New Study Examines the Effects of Cultural Perfectionism

Perfectionism has been linked to both positive and negative mental health outcomes. Women who strive to meet high levels of unattainable physical perfectionism may be at increased risk for disordered eating and body image problems. In contrast, academic perfectionism can help a disadvantaged student surmount obstacles that would otherwise prevent him or her from achieving educational success. Although there are many studies that have looked at the role perfectionism plays in the psychological well-being of adults, few studies have looked at how cultural differences influence perfectionism in college students. In addition, even fewer studies have focused on how specific types of perfectionism affect the students academically and emotionally. To address this gap, Audrey A. Elion of the Department of Counselor Education, Counseling Psychology and Rehabilitation Services at Pennsylvania State University led a study that examined the self-esteem, depression, racial identity, and GPA of 219 African American students attending universities made up of mostly white students.

Elion compared students from a southern university to students from a mid-Atlantic university and found significant differences. Using adaptive, maladaptive, and nonperfectionist classifications, Elion discovered that the students at the southern university had higher levels of maladaptive perfectionism than those in the mid-Atlantic university. Even though they represented a larger percentage of the student body than their northern peers, the southern students had elevated levels of depression and lower levels of self-esteem. They did not set their standards as high as the northern students either. Elion believes that the underlying racial tension that still exists in the south may lead these students to believe that they are not as capable, or as good as, their white peers. This leads to an exclusive type of adaptive mechanism, rather than an inclusive mechanism as demonstrated by the students in the northern university. Elion said, “A speculative explanation would be that as African American individuals hold a more mature racial identity worldview, they have higher self-esteem (Vandiver et al., 2002) that is also associated with setting higher standards.” Overall, the students with the most adaptive perfectionist traits exhibited the highest levels of academic, emotional, and racial identification well-being. These findings could help counselors and advisors working with racial minority students, as all of the factors explored here are critical to the overall social and emotional success of each student.

Elion, A. A., Wang, K. T., Slaney, R. B., French, B. H. (2012). Perfectionism in African American students: Relationship to racial identity, GPA, self-esteem, and depression. Cultural Diversity and Ethnic Minority Psychology, 18.2, 118-127.

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  • Mina


    May 17th, 2012 at 3:34 PM

    My parents, who are Japanese, have always held very high personal and academic standards for me and my two brothers.
    When I was younger I never felt like I would be able to measure up to what they wanted me to be, and that hurt me I would say as a student.
    But as I have gotten older I have come to appreciate the fact that they set high standards for us. They did it so that we would learn and achieve in a way that they were never given the opportunity to do.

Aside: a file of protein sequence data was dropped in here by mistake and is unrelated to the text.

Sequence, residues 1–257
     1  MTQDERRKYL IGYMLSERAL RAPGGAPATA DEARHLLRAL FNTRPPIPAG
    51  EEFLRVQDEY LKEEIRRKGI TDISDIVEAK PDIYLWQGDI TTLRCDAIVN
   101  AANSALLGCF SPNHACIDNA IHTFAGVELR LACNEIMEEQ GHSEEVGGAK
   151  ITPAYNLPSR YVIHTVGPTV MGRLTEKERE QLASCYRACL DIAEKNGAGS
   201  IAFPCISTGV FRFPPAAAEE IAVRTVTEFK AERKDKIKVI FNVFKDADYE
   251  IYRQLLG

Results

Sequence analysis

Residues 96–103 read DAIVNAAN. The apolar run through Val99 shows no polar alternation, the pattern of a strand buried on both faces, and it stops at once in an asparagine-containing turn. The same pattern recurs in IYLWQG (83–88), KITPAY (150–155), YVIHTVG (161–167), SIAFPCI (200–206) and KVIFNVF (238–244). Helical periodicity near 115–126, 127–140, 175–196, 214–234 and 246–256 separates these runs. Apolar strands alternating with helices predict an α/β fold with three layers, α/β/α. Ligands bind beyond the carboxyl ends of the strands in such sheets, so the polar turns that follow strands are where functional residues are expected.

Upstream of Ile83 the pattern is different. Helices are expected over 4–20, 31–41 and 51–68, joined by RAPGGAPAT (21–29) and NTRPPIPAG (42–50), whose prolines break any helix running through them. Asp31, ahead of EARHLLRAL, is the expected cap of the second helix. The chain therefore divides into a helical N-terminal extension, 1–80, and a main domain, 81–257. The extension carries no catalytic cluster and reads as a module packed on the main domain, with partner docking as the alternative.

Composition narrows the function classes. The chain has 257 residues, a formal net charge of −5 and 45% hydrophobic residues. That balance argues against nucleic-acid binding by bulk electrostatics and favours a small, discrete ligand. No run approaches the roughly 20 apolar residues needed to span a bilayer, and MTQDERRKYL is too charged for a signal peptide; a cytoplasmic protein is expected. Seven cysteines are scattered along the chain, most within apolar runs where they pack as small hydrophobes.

I know that maybe I will not be quite as hard on my own children as they were on us. But we turned out pretty ok, so who knows? Maybe I will.

  • Nicola


    May 17th, 2012 at 11:58 PM

    While perfectionist expectation from parents is evident in some cultures when it comes to academics,I certainly believe it creates pressure for the child in his growin up years and will only be counter productive in the long run.

    After all, the child would rather be a happy photographer or painter than being a part of the corporate world because his parents expect him to!

  • Maddie


    May 18th, 2012 at 4:13 AM

    It seems to me that there are some cultures for whom self esteem and confidence are not as big of a problem as it is for other Western cultures. I don’t know if they build up their children more or if there are some other underlying issues which cause it, but I have seemn many other kids from other cultures who handle the stress and pressure to be perfect by their parents and communities in a much healthier way than our American kids do. Maybe it is all about a cultural thing and that is something that we should look at closely.

  • bryce lo

    bryce lo

    May 19th, 2012 at 7:42 AM

    Think about this: if a student is getting a lot of pressure at home about doing things right, prefect, then think about what kind of pressure this puts on someone who already feels like they don’t measure up. If the kid is already feeling this then what good is it going to do for a pareent to continue berating him for not doing his best? For me, if my child is giving 100% and still performing only average, then why not accept that this is his best and be alright with that?

  • jasmine


    May 20th, 2012 at 6:00 AM

    No one is perfect nor should they made to feel like they have to be perfect to have your love. If that’s how you are driven to make your child feel, then I seriously wish that you would have reconsidered having children. Just because someone did that to you does not give you the right to treat someone else the same exact way. Aren’t you just giving back what someone so cruelly bestowed upon you?

  • Holden


    May 21st, 2012 at 5:15 PM

    Were the northern schools nationally considered to be more exclusive schools than the ones in the south? If so that could be part of the explanation for why those students felt better about themselves and had more confidence that their southern counterparts.

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